NOTE: I originally wrote this this article for The Olive Fox last year. Unfortunately, the website is shutting down and I wanted to make sure that this piece wasn't lost. I will always be grateful to The Olive Fox for taking a chance and publishing me. My experience with them will always be a found memory. Now let's take a look at using our fear for inspiration. Enjoy!
I will never forget when my fear of dolls started. It was a snowy day, a day that happened to be my seventh birthday. My Mom and I were about to run to the grocery store. We had a little television set in the kitchen and it was on, filling the room with its usual background noise. As my mom went to turn it off, my eyes locked with the image on the screen. It was a doll with flaming red hair, a pinched smile, and sinister eyes. It was alive and in an instant, I knew it was a monster.
My mom turned the television off, not noticing what had appeared on the screen or not thinking much of it. I’ll admit, at first I didn’t think much of it either. It wasn’t until a week later, at my Halloween themed birthday party (I’ve always been drawn to the holiday, go figure!) that the situation escalated. My friend told me the doll’s name was “Chucky” and what I had seen was the movie “Child’s Play” about a killer doll. At first I thought the concept was funny. A killer doll? Dolls aren’t scary! But fear has a habit of appearing when the lights go out.
Every night of my young life was laced with dread. I slept with my bedroom door open, the hall night light glowing in such a way that I always thought sinister shadows were tip toeing into my room. I would wake up, shaking myself free from dreams where dolls clouded hundreds of television screens, smiling at me, waiting to get me.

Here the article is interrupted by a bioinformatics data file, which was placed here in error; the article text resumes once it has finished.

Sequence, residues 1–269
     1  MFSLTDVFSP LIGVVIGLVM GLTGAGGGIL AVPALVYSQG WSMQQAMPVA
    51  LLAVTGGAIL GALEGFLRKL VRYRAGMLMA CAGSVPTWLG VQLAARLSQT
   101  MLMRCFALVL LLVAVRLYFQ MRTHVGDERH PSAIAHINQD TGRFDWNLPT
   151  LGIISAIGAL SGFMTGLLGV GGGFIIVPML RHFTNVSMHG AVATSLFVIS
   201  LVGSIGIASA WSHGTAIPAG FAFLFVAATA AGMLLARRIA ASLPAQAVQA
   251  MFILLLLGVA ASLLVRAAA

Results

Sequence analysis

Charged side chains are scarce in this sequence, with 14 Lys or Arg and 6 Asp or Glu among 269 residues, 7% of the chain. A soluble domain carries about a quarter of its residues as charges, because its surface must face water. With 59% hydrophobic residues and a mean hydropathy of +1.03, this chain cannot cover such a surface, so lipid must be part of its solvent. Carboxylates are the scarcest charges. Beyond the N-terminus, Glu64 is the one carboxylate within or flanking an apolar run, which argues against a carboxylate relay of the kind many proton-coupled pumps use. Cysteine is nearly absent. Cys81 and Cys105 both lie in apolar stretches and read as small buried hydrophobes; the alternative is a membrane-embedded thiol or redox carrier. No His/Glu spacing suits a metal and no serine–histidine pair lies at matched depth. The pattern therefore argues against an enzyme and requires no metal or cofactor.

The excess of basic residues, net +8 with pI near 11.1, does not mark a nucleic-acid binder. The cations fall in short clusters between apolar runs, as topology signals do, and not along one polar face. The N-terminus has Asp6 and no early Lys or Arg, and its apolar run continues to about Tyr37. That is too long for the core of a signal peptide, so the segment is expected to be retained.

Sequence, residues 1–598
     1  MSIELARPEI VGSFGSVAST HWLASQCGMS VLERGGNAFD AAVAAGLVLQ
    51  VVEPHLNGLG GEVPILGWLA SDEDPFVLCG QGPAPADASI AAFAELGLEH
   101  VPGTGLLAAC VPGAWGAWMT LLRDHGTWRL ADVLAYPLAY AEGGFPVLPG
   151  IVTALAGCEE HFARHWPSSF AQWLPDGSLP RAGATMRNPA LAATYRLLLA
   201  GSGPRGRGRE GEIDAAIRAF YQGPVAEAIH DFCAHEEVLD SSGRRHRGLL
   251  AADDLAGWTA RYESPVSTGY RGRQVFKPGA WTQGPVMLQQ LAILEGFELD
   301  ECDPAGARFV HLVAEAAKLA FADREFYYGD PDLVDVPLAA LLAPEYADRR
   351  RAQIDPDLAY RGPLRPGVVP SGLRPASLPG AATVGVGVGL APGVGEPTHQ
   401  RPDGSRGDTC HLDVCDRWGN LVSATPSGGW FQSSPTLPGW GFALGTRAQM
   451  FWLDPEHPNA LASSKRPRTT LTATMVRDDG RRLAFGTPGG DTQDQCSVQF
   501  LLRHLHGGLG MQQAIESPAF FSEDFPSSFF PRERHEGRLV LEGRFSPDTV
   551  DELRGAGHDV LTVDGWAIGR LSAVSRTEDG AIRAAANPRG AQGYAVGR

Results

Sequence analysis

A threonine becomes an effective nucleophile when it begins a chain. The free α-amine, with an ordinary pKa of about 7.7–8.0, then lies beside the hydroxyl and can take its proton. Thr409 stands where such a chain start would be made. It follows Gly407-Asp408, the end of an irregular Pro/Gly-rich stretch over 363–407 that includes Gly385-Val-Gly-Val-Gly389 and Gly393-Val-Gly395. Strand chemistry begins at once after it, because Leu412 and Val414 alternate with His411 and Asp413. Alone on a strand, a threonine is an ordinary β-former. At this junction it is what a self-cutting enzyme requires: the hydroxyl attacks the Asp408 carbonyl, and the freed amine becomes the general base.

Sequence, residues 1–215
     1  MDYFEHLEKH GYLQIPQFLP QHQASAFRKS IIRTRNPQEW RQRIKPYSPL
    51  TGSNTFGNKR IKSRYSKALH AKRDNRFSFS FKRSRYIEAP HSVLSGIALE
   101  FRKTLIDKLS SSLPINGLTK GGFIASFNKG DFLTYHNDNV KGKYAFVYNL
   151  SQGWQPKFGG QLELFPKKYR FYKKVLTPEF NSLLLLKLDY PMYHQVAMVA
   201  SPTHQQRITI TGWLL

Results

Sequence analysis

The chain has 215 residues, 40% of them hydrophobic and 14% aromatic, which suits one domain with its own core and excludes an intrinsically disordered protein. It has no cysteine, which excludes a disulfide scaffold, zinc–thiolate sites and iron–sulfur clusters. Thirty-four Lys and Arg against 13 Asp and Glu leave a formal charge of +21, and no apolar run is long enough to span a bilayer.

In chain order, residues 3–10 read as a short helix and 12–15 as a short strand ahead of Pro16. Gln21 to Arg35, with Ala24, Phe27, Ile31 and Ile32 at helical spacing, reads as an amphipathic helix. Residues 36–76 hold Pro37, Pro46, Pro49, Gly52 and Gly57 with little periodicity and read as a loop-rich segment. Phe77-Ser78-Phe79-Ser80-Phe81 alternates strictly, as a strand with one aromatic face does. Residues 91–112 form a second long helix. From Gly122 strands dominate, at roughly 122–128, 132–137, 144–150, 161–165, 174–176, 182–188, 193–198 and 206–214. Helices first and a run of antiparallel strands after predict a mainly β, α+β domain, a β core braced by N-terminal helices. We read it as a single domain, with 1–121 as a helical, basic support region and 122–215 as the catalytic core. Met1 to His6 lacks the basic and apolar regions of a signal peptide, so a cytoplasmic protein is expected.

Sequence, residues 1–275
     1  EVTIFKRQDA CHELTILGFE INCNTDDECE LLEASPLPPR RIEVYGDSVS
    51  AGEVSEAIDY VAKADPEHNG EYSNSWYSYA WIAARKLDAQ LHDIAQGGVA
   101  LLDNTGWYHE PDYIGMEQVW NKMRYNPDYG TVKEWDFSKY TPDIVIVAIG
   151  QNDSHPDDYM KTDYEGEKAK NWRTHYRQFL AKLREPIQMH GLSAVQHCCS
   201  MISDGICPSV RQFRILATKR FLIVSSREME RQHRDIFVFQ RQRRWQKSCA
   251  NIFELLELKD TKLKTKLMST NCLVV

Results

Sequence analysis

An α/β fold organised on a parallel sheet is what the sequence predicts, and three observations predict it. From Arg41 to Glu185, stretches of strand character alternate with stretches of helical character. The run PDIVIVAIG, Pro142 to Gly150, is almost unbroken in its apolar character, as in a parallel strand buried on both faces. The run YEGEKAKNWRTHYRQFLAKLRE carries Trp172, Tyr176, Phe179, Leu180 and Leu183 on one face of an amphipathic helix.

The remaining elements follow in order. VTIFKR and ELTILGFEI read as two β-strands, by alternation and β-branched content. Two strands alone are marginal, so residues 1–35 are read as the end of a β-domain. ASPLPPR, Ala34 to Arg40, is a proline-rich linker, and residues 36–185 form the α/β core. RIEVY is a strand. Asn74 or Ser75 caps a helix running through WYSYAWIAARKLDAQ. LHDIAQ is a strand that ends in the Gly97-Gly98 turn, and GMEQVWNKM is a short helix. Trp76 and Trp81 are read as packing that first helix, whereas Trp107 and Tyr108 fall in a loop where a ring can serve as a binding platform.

Luckily, with age comes wisdom and as I grew older, I learned to turn my fear into fuel. It started simple, a monster or villain would unintentionally encapsulate my fear. The more I wrote, the more I inserted my inner demons. In high school I wrote a short story, casting one of the biggest baddies in my mind as the villain: my obsessive compulsive disorder. It was within that story that I realized I could control my fear.
It’s no wonder that I grew up to be a predominantly horror author. My fears have become lambs I slaughter in the name of my muse. Even my pieces that aren’t horror tend to creep ever so gently into something wicked. “Write what you know” is a staple of writing advice; however, in my personal experience it’s safe. Writing what I fear is an opportunity to find answers to why some topics go bump in the night.
How do I start my process? It’s simple, I turn my imagination loose. Not that rainbow side where all the butterflies swirl and the unicorns frolic. No, I’m referring to that decaying house at the corner of my mind, where bats fly out broken windows and there always seems to be a clap of thunder sounding as I reach for the door knocker. I go inside and poke what I see with a stick. At times I see now comical things much like dolls. I laugh right in its face, knowing that it can’t hurt me. But what if it could? I give those fears jagged claws and gnarled teeth and see what it can do. This process has jump started my writing on multiple occasions, freeing me from the cobwebs of writers block. I now take those webs and spin each strand to do my bidding. My current work in progress is the result of me cobbling together several of my fears and shifting it into a patchwork quilt of hope and possibility.
This process isn’t for everyone, but for me it has become my standard. My mental health is grateful for this ritual too. Every time I recognize a fear, I take to the page like a soldier into battle. I cannot wait to see what spooky adventure is waiting for me next.